Second, according to the U.S. Census Bureau, if you were born between 1946-1964, you are a “Baby Boomer,” and this age group is retiring at the rate of 10,000 persons per day through the year 2019. An American turns 50 every seven seconds; that’s more than 12,500 persons every day. All 76 million of us have been looking forward to the day that we can retire, relax and enjoy our lives and live the American dream. We plan to travel, see the world and wake up when we want to from now on. We are going to take our grandkids fishing, see the Grand Canyon and go on a cruise.
Reality hits hard
Since 2008, those of us who are nearing retirement got hit with some hard cold facts. The nest egg we had been saving has shrunk to pea size, not near what we planned for. A recent AARP study found that more than 50 percent of those 45 and older have lost their jobs or have lost money in their IRAs and 401Ks, and worst of all the home we live in that we had hoped would appreciate in value, has declined in value and some now owe more than the home is worth. The most unfortunate of us have even had to live day to day on their retirement investments and have nothing for the future, except a shaky Social Security and Pension retirement that is not so far from extinction as some have predicted.
The financial and physical health of our future
Many Boomers are facing increasing health challenges that were not expected, such as diabetes and arthritis. The Arthritis Care and Research Journal reports that from 2000-04 hip replacements in the U.S. increased 83 percent, and knee replacements rose 115 percent. This trend is expected to increase. In terms of retirement, women are hurting more than men. Longer life spans for women are joined with lower annual retirements, more health care needs since they usually pay greater attention to their own needs, and they tend to have less insurance than men. With longer long term care health needed at a lifetime cost of $124,000 vs. $44,000 for a man according to MetLife Mature Market Institute, women will have extra challenges as they grow older.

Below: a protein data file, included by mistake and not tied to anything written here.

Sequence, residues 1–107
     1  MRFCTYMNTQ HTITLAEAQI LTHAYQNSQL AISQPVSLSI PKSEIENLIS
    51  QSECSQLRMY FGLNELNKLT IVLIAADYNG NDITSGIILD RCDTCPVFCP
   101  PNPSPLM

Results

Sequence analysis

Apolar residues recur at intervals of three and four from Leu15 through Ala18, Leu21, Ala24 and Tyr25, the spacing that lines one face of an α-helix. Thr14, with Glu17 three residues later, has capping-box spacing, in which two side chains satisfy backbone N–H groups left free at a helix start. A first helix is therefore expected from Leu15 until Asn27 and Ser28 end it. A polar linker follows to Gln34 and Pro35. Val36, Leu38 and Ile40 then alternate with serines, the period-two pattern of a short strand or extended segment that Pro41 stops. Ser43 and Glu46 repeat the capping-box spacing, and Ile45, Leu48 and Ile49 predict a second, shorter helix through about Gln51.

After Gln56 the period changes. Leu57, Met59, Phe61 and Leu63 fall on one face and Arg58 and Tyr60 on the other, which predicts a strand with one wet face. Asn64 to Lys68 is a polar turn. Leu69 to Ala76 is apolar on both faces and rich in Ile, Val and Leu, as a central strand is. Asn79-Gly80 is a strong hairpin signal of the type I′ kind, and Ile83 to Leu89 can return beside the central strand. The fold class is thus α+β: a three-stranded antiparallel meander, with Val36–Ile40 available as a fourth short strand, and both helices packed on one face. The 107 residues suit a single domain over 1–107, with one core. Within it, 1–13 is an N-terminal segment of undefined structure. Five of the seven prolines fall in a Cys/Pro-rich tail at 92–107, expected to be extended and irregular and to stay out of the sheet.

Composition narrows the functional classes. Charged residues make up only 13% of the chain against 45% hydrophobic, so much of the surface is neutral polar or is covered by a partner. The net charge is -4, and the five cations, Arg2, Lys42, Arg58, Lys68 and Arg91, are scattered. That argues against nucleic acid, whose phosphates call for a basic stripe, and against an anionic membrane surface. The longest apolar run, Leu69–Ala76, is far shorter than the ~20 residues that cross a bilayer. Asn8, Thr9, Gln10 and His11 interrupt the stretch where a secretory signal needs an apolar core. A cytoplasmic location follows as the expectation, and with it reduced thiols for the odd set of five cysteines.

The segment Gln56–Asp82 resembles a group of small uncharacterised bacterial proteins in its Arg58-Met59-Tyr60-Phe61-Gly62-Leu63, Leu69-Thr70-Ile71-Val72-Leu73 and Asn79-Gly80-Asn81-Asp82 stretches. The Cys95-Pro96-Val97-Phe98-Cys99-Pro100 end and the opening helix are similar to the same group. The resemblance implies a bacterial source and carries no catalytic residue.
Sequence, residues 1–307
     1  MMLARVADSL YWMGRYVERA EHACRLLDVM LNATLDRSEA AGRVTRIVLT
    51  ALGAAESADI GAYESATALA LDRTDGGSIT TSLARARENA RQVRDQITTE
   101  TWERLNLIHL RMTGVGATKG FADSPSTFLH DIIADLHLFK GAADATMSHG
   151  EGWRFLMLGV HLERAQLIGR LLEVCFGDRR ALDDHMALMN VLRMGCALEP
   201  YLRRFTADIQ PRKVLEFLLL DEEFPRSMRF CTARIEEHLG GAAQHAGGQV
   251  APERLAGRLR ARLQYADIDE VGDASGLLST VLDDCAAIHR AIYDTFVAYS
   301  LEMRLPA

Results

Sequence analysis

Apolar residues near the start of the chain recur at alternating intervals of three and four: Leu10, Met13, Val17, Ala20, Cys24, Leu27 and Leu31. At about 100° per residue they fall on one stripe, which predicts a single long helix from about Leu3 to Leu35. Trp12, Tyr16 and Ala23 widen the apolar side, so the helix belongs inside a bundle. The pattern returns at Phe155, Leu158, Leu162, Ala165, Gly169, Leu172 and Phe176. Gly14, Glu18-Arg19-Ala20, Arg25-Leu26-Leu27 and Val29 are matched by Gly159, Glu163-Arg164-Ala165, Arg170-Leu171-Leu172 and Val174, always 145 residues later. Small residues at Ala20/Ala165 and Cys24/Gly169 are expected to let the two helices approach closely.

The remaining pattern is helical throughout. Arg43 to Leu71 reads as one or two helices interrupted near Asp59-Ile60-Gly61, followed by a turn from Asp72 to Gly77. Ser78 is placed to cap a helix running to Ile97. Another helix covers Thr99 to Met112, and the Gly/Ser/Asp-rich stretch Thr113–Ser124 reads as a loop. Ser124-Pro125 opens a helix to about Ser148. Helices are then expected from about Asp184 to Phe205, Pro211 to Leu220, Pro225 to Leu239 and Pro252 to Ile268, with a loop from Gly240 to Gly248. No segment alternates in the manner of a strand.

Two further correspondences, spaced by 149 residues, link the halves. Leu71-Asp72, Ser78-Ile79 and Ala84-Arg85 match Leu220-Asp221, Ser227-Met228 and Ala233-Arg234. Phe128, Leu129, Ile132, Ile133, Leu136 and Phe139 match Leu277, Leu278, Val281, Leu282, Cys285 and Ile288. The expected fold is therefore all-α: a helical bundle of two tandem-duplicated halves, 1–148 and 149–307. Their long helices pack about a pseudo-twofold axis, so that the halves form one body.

Options: Work longer or live on less or both
According to a recent report from the Congressional Budget Office, baby boomers are overall less likely to live their retirement years in poverty, but that one quarter of boomers have little or no savings, but seem to believe they can live on Social Security and their pensions. What are the options? We could certainly work longer than we had planned, or we can cut our expenses and live on less, or maybe we have to do both. If the government begins to limit or reduce Social Security payments, a lot of us may be in for a staggering awakening and will not be very happy.
Can I afford a new home and retire?
Here is something to consider: The kids are grown and gone, and the home you live in is not very well insulated and has some upcoming major expenses for repairs in the not-too-distant future. You’re tired of mowing the grass and raking the leaves. Your knees are not handling the steps like in years past, and your property taxes and insurance continue to increase. You could move into an apartment complex, but then you’d be sharing a wall, ceiling and floor with others, and what if they caught their apartment on fire? Would you be able to park right in front of your house? You can’t grow flowers or a tomato plant. Are you still independent and want to stay that way? Then consider owning a new manufactured home at one of the nicer communities in the south, like Mountain View Estates.
What is a manufactured home?